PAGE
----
Coleman Hughes:

Can you say more about that James, when you say that James Blake video was bad tactics?

James Secreto:

It's my opinion now that that was bad tactics. He was on the passenger side of the car and then he made a move to go around to the driver's side and everybody kind of chased behind him. I think maybe someone should have went around the back of the car and intercepted him before he got to that door of the car. And now, this officer felt that he had to fire seven shots into his back. I'm sure he was not trained that way. So we could say, yeah training, maybe the tactics could have been training to address those tactics but I'm sure he was not trained to shoot someone in the back seven times like that.

Coleman Hughes:

Yeah, I'm curious about this myself we're just about out of time in a few minutes but I think one thing that does shock civilians about these incidents can be the number of bullets. And this is one of the moments where I'm aware of my ignorance, as someone who's never been a cop, never even held a gun, and doesn't know about gun violence and shootouts and what number of bullets makes sense. So I'm aware of he possibility of backseat driving so what can you guys teach civilians about what it means for there to be five bullets or one bullet or ten?

Anthony Barksdale:

All right. Well, I'll jump in here. Let's say that I've got 14 shots of 40 millimeter and a glock. Training I could shoot all 14 rounds well under four seconds. It happens that fast. And I know it sounds excessive, I really understand that, but when you're squeezing that trigger it happens really fast. So seven shots, I don't know if anyone has an amount of time that it took to fight those seven shots, but it happens really quickly. So that's all I can say, a lot of shots can be fired in a short amount of time.

James Secreto:

But we're also trained to stop the threat. So if it's one shot that stops the threat or it's three shots to stop the threat, a lot of times you know unloading your gun and reloading, it could be considered excessive, and in a lot of cases it is.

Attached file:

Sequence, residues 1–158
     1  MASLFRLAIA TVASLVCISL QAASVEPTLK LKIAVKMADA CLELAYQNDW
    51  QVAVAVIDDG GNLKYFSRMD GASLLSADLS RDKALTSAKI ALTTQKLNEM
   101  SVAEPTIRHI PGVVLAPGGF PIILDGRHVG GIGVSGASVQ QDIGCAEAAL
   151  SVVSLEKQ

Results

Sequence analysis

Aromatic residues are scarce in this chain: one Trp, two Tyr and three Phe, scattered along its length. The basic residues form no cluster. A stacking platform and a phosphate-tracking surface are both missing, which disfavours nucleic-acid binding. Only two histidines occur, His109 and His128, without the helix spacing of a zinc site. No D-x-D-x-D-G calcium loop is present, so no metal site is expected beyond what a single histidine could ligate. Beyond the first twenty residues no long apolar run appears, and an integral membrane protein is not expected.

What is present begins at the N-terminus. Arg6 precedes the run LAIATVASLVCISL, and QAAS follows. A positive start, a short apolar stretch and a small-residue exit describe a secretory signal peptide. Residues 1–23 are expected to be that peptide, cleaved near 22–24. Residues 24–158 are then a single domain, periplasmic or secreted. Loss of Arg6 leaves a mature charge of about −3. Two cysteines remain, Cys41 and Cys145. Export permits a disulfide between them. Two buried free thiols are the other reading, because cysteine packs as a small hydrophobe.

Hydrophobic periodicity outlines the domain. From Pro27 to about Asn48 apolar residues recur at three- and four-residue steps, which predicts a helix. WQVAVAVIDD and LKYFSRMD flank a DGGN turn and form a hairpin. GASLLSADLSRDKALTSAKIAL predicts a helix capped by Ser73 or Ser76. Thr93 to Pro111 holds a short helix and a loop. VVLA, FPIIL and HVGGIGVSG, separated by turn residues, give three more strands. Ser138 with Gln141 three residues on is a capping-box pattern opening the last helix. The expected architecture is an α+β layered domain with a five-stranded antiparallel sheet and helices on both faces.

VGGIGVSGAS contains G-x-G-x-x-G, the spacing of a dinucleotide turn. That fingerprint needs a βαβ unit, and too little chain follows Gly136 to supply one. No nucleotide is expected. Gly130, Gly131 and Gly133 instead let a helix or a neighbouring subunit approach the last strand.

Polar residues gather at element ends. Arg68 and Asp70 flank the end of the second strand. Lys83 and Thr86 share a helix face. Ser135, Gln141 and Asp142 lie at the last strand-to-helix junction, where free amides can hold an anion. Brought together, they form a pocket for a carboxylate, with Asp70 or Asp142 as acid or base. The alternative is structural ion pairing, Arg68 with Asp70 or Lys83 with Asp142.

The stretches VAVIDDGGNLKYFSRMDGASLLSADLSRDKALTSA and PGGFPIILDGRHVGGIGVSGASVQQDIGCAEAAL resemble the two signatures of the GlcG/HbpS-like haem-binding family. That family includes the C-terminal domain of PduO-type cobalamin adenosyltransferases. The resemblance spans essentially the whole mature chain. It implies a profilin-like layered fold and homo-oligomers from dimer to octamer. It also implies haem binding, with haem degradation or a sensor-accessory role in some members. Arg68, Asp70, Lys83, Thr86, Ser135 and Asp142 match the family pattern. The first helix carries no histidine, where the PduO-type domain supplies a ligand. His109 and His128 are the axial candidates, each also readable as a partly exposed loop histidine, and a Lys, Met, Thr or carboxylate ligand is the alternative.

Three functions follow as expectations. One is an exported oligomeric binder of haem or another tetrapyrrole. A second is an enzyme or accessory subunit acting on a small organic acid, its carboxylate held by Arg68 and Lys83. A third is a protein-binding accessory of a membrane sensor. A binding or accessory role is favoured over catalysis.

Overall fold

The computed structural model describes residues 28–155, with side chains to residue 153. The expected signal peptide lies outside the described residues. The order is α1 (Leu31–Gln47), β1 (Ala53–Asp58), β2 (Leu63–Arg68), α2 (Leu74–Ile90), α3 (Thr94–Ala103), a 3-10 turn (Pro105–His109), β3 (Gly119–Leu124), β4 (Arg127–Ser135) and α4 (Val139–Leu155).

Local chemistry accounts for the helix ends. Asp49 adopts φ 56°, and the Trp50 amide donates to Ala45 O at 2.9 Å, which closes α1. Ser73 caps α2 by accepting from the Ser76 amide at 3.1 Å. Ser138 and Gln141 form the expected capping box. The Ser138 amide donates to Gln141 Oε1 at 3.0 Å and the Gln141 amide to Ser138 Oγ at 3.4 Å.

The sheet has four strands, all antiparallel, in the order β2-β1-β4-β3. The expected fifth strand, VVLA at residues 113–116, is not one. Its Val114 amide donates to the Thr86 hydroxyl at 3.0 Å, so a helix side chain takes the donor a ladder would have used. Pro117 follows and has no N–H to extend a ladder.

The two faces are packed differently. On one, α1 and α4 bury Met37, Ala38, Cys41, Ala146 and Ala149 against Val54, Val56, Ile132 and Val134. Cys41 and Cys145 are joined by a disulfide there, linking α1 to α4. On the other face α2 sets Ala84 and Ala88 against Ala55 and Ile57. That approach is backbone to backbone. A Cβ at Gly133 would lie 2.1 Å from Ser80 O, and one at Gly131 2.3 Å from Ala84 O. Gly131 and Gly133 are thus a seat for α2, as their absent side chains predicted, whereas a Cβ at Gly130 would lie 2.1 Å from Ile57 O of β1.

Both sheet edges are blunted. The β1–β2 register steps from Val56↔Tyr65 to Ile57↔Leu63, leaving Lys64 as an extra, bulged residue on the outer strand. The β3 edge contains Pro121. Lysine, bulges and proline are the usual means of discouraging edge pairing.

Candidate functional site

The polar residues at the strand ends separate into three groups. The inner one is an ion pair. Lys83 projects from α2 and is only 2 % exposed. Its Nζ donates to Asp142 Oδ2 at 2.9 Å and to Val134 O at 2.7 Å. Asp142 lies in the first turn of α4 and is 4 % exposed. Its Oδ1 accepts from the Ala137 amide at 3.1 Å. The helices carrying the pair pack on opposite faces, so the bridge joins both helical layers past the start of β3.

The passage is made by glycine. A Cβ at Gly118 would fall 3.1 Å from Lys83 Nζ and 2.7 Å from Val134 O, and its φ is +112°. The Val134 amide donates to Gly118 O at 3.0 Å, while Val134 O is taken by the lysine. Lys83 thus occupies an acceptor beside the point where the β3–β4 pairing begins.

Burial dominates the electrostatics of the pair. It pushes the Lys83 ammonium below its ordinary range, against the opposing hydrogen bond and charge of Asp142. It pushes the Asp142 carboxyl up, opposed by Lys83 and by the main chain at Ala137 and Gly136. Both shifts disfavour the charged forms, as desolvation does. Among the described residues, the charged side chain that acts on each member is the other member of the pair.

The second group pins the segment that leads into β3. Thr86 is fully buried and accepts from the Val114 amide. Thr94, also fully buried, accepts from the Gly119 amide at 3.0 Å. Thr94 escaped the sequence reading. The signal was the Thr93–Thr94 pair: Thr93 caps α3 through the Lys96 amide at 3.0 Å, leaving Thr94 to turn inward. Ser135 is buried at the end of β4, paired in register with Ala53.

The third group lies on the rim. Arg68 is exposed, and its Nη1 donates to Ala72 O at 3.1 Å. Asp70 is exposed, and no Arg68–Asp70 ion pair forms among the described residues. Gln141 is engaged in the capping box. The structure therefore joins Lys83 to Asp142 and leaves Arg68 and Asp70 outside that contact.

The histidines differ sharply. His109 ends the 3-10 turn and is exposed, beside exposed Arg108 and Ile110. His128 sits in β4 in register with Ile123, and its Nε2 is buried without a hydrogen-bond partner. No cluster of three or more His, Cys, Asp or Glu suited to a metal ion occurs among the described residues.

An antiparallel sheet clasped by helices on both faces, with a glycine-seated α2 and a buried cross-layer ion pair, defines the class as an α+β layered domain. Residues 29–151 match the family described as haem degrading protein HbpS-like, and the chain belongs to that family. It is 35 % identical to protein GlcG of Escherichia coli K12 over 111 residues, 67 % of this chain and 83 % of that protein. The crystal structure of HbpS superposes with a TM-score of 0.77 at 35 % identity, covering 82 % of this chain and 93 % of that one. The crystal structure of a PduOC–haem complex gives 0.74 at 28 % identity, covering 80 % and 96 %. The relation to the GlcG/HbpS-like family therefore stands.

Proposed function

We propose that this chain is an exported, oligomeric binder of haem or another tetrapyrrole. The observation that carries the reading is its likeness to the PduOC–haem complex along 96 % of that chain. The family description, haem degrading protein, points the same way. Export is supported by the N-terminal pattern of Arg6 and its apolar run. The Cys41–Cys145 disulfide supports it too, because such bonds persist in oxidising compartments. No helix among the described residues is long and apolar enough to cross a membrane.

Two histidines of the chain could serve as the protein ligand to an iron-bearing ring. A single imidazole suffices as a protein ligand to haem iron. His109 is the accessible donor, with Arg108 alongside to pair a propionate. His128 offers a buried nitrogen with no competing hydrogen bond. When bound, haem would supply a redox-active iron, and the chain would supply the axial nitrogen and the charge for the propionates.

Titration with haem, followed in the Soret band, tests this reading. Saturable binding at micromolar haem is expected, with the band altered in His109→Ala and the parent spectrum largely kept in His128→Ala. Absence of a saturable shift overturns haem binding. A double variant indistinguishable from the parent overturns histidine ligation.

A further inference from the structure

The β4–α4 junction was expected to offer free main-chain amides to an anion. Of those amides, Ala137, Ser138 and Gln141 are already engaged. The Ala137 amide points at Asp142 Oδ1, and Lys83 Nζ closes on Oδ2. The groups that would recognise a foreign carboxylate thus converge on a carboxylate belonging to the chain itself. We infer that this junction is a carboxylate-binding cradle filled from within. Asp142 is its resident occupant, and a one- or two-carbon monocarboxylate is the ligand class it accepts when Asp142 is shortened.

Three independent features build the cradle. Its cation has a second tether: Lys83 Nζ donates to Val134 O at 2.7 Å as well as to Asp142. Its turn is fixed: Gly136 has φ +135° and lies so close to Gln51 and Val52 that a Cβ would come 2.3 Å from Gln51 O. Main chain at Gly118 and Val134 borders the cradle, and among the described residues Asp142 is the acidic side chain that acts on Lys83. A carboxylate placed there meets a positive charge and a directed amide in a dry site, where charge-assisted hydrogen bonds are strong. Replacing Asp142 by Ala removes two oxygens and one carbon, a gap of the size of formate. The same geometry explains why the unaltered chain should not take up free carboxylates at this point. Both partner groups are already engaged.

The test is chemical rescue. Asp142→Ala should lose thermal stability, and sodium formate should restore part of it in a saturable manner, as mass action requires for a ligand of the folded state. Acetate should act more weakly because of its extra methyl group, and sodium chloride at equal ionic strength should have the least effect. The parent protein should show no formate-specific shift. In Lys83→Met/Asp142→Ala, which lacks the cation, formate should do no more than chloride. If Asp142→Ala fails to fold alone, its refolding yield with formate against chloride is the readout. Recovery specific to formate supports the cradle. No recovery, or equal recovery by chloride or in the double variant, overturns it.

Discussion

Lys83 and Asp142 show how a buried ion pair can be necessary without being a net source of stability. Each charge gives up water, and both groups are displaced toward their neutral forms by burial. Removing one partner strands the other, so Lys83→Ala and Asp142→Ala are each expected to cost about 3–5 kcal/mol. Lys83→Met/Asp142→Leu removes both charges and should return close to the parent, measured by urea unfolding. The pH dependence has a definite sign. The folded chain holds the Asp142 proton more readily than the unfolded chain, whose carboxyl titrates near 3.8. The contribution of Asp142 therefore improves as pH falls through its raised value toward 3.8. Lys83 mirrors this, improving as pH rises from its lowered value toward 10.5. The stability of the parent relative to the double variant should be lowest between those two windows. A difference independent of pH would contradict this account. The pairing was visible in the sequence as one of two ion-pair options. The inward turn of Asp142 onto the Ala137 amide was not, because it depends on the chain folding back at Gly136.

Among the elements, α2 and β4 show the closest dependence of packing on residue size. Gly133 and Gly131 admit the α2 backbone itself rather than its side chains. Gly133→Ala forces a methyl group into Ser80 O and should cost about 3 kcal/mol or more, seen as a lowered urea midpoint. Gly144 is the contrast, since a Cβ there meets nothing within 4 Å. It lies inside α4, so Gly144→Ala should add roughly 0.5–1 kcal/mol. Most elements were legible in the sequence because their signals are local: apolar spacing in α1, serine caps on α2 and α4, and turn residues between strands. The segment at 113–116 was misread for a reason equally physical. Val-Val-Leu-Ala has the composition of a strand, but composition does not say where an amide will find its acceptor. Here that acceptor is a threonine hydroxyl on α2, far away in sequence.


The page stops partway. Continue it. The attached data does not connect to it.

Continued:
Anthony Barksdale:

Absolutely. In Baltimore, I'll train, shoot to incapacitate. So even with that, if you've got a cop who hasn't had a lot of training, and I'm not arguing about that blame everything on training, but if you don't have cops being deployed, that really have that training to measure if someone's incapacitated then it's bad for the citizens, it's bad for the agency.

Michael Fortner:

That's why I think it's important for local agencies to have the power to remove bad actors. I'm struck by the Galveston example. If a police officer is on a horse and he's dragging a black man down the street in a noose, why does he still have his job. And that someone doing that right could still have their job or that people who can be bad actors and be written up a number of times or have a lot of complaints still be on the job, is a fundamental problem and doesn't it create the right incentives that would deter people from being extra violent in these communities. So I think part of, training may or may not work in some cases, but being able to create different incentives, in terms of employment, I think might make a difference.

James Secreto:

But that wasn't against the rules in Galveston, Mike. That's the only thing and that's shocking, in and of itself.

Anthony Barksdale:

But if you can document that you're properly training your cops and they violate, that makes it easier for you to get rid of them. And on the executive level, you're constantly looking for, "Okay did they follow the rules?" And if you can document and keep that and keep track of their careers and they go sideways on you and they get out there and they do the wrong thing, it makes it easier for chief to fire them.

Coleman Hughes:

Well on that note, I would like to thank all the panelists for this excellent discussion. Before we close, I'd like to invite our audience to sign up on our website to receive updates from the police and public safety initiative, of which this event has been a part. On our website you can also browse the Manhattan Institute's research and subscribe to our newsletters. If you're able please also consider supporting the Institute at the link you see below. MI is a non-profit organization and our work depends on support from people like you. Thank you so much.